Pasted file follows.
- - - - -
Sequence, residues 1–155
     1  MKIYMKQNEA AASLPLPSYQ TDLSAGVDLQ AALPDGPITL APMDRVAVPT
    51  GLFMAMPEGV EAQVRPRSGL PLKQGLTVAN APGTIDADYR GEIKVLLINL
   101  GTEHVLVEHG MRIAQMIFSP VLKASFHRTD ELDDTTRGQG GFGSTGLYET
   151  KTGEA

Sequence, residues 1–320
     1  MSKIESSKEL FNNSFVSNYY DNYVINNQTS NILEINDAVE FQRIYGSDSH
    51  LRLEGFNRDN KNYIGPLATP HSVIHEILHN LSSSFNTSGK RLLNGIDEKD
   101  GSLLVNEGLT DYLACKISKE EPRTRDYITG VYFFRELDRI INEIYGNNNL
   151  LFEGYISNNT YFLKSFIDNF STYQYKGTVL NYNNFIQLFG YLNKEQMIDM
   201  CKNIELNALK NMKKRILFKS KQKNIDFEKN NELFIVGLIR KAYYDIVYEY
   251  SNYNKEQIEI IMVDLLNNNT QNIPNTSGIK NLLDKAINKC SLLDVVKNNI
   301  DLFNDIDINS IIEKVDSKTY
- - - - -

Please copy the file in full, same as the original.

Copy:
Sequence, residues 1–155
     1  MKIYMKQNEA AASLPLPSYQ TDLSAGVDLQ AALPDGPITL APMDRVAVPT
    51  GLFMAMPEGV EAQVRPRSGL PLKQGLTVAN APGTIDADYR GEIKVLLINL
   101  GTEHVLVEHG MRIAQMIFSP VLKASFHRTD ELDDTTRGQG GFGSTGLYET
   151  KTGEA

Sequence, residues 1–320
     1  MSKIESSKEL FNNSFVSNYY DNYVINNQTS NILEINDAVE FQRIYGSDSH
    51  LRLEGFNRDN KNYIGPLATP HSVIHEILHN LSSSFNTSGK RLLNGIDEKD
   101  GSLLVNEGLT DYLACKISKE EPRTRDYITG VYFFRELDRI INEIYGNNNL
   151  LFEGYISNNT YFLKSFIDNF STYQYKGTVL NYNNFIQLFG YLNKEQMIDM
   201  CKNIELNALK NMKKRILFKS KQKNIDFEKN NELFIVGLIR KAYYDIVYEY
   251  SNYNKEQIEI IMVDLLNNNT QNIPNTSGIK NLLDKAINKC SLLDVVKNNI
   301  DLFNDIDINS IIEKVDSKTY